Residents rally for tree

LA CRESCENTA — Residents have mobilized to save a 100-year-old tree along Foothill Boulevard that they say could be irreparably harmed by a planned mixed-use office building.

Several dozen residents gathered Tuesday evening in front of the massive Moreton Bay Fig tree in the 2600 block of Foothill Boulevard to protest a planned three-story retail and office building on the adjacent vacant lot.

Residents say they are concerned that the excavation will result in extensive damage to the tree's root systems, in addition to the many branches that will have to be cut. When a previous development was planned for the site, an arborist warned that damage to the roots could kill the tree, stakeholders said.

While many involved said they are also opposed to the project because of its size, the potential loss of the historic tree has become the flashpoint.

"It's heartache when you are seeing parts of your history being destroyed," said Lisa Jenks, a lifelong Crescenta Valley resident who brought her children to the protest.

Residents said they were blindsided when excavation began on the site a few weeks ago to make way for the 29,000-square-foot building and subterranean parking garage.

"With all the community angst and focus that's been on Foothill, you would think they would give us a heads up," said Mike Lawler, president of the Historical Society of Crescenta Valley and an organizer of the protest. "But they didn't. We didn't know until the bulldozers showed up."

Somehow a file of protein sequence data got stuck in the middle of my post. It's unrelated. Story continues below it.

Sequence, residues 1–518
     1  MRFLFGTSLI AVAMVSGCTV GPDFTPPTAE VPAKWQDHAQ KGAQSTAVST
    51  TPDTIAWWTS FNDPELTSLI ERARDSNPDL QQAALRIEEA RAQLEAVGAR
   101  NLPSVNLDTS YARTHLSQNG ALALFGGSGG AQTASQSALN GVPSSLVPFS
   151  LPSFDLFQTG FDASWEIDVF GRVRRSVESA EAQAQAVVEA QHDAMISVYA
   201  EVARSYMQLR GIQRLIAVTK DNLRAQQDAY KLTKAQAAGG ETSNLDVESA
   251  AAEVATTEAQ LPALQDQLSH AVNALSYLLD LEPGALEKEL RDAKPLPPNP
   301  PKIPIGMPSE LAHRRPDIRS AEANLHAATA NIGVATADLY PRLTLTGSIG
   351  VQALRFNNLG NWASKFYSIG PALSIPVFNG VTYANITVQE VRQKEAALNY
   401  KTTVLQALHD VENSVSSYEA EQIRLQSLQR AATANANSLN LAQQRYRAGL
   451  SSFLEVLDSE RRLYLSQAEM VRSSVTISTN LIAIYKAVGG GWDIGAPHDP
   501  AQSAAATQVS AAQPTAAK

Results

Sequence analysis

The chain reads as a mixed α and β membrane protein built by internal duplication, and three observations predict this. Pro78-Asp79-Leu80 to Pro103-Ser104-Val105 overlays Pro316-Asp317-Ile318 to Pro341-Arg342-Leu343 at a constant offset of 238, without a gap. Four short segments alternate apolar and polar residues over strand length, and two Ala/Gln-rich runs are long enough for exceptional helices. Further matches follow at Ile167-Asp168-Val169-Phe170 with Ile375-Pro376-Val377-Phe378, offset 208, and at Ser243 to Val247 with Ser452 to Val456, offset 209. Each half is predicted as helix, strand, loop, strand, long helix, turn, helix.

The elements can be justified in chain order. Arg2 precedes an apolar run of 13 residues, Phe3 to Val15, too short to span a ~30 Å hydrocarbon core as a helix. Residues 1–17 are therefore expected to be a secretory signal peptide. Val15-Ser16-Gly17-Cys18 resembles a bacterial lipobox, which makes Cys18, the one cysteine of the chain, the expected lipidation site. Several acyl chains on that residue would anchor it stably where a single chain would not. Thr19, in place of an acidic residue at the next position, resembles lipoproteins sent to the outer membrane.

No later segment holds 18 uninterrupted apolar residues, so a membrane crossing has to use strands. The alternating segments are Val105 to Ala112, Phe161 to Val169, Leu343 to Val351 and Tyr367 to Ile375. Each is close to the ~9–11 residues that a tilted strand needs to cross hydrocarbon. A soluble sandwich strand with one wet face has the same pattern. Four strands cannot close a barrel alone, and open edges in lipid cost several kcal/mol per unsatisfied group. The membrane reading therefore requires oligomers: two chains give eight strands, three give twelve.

But officials from the Los Angeles County Office of Regional Planning, which approved the project, said that because it did not require any zoning variances or use permits, public hearings and notification were not required.

The project is exempt from new design standards for Foothill Boulevard adopted last year by the county Board of Supervisors since it was approved months before the standards went into effect.

And officials said potential harm to the tree could not be taken into account since there are no laws protecting Fig trees.

"We don't like to see trees removed, but we're not above the regulations," said John Gutwein, acting deputy director of the county's Land Use Regulation division. "We are supposed to follow the rules that are in place."

With that in mind, Crescenta Valley Town Council President Cheryl Davis and Town Councilman Frank Beyt met with owner Gevorg Voskanian to discuss the community concerns.

"He says he doesn't wish to harm the tree or upset the community," she said. "He said when they get close to the roots, they will call and consult with an arborist."

Project Architect Varoozh Saroian — who designed the failed project slated for the former Foothill Lumber site in the Glendale portion of the boulevard — said he had also heard precautions would be taken.

Still, Lawler said he was concerned the tree could be a "lost cause" and noted that Voskanian had previously ignored community concerns when he demolished the oldest home in Montrose in 2008.

"If the roots are cut as proposed," he said, "I think the tree will die."

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